Rice is a staple part of the diet of virtually every Malaysian, to the extent that in each of the major languages used in Malaysia, rice means food and food means rice. Drawing on a wide range of sources, Rice in Malaya opens with an examination of the often fragmentary evidence of rice-growing in prehistoric South-East Asia and then considers the great changes that followed the rise of commercial agriculture in the region before and during colonial times. A pioneering work when it first appeared in 1977, Rice in Malaya successfully combined the area-by-area approach of the geographer with the period-by-period approach of the historian to give a well-balanced picture of rice-growing. The comprehensive use of evidence in several languages made the study the definitive work in the field. This re-issued of Rice in Malaya makes a classic work of scholarship available to a new generation of readers. The book remains of great importance not only to geographers, historians, agriculturalists and economists but also to anyone with an interest in South-East Asia, for it explains in great measure many of the deeply-etched patterns of life found in modern Malaysia.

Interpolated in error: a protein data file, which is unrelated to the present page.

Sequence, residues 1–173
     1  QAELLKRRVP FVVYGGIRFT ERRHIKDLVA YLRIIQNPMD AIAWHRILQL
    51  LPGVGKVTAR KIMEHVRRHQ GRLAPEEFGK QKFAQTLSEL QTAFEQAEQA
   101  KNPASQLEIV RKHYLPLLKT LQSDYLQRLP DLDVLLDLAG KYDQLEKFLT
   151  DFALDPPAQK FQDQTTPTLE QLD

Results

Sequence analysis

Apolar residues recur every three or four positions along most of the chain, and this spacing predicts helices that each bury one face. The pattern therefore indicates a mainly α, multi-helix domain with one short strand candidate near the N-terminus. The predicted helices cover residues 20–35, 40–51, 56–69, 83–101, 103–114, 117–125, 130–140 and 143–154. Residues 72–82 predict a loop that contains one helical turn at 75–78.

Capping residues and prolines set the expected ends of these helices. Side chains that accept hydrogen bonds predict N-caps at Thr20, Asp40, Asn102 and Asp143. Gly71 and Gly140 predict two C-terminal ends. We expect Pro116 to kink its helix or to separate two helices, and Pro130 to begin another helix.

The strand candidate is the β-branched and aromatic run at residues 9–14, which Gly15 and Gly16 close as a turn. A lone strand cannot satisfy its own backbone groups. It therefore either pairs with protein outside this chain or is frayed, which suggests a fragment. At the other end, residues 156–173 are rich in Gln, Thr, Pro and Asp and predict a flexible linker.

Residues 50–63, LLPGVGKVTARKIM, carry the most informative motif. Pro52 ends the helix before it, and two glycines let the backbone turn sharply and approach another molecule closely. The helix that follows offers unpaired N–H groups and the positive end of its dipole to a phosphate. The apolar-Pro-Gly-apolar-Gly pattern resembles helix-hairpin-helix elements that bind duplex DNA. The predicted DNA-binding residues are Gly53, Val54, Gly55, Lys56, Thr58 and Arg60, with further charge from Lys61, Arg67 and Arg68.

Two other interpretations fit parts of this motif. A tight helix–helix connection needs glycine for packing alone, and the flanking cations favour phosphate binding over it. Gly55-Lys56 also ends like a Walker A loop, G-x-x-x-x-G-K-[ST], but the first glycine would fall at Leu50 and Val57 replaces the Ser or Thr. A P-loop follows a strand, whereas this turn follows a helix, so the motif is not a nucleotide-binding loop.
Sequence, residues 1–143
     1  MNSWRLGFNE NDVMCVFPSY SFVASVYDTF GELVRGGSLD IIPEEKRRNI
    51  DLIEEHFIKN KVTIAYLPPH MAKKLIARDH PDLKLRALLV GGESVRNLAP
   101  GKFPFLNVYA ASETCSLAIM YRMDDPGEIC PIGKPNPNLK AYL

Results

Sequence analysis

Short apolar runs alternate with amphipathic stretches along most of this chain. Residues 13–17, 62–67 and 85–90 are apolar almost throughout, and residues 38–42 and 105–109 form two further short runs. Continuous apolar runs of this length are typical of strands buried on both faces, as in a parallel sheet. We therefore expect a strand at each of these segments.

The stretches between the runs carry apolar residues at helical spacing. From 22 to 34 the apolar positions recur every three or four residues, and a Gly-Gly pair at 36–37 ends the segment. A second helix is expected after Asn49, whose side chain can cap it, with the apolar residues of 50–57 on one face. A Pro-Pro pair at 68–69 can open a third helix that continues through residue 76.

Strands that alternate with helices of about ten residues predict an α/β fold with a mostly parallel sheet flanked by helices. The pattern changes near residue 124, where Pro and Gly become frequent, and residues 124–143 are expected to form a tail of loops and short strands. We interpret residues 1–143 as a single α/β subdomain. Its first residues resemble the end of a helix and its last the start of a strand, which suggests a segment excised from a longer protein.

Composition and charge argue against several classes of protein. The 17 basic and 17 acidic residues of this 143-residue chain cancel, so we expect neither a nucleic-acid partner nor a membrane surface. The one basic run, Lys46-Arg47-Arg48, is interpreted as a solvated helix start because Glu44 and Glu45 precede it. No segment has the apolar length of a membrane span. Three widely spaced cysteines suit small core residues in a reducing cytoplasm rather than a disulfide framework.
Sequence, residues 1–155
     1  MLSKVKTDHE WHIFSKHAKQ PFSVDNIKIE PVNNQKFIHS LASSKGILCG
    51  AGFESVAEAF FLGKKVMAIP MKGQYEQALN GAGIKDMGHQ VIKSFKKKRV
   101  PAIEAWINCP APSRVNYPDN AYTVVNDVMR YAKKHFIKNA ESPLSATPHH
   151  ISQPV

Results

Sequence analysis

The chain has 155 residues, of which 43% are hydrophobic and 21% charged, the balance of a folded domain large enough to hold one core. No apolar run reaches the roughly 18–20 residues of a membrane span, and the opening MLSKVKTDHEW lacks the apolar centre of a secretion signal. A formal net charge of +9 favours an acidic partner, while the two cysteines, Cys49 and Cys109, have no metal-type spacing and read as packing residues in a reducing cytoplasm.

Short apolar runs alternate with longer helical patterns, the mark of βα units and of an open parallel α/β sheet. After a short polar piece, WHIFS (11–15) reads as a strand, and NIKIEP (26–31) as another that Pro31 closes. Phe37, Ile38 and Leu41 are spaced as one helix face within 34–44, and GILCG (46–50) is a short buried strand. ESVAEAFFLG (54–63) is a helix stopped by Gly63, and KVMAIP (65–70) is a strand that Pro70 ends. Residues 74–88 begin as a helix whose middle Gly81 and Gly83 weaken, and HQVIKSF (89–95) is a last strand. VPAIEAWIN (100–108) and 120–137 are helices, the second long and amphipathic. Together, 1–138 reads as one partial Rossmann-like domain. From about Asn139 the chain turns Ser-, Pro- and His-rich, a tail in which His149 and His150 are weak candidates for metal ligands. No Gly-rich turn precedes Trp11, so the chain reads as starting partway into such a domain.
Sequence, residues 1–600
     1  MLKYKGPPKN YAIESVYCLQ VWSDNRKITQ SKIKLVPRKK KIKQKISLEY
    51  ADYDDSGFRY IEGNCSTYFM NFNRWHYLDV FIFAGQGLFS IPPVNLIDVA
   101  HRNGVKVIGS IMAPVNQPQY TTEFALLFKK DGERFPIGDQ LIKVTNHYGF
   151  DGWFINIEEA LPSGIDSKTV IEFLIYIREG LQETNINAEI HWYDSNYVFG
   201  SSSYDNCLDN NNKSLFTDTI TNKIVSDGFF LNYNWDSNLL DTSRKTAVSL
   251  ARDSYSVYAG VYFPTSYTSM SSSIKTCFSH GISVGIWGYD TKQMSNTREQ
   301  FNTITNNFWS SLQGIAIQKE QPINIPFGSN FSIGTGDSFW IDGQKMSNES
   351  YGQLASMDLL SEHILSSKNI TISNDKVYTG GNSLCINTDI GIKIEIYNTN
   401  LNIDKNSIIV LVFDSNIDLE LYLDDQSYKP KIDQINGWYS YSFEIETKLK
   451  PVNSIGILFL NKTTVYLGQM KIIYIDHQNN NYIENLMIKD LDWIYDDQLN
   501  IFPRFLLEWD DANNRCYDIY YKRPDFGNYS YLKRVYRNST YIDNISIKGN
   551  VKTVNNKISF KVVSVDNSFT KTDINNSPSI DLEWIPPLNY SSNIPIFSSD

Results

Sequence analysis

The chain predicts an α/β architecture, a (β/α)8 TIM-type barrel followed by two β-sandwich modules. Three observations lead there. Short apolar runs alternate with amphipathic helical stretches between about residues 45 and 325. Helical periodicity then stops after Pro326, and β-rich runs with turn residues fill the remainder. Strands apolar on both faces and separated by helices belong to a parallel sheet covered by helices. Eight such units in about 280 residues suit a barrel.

R.D. Hill is concurrently Honorary Professor in the Department of History and in the School of Biological Sciences at the University of Hong Kong. From 1962 until 1973 he taught at the University of Singapore and researched extensively in the Malay Peninsula, especially in Kelantan and Terengganu.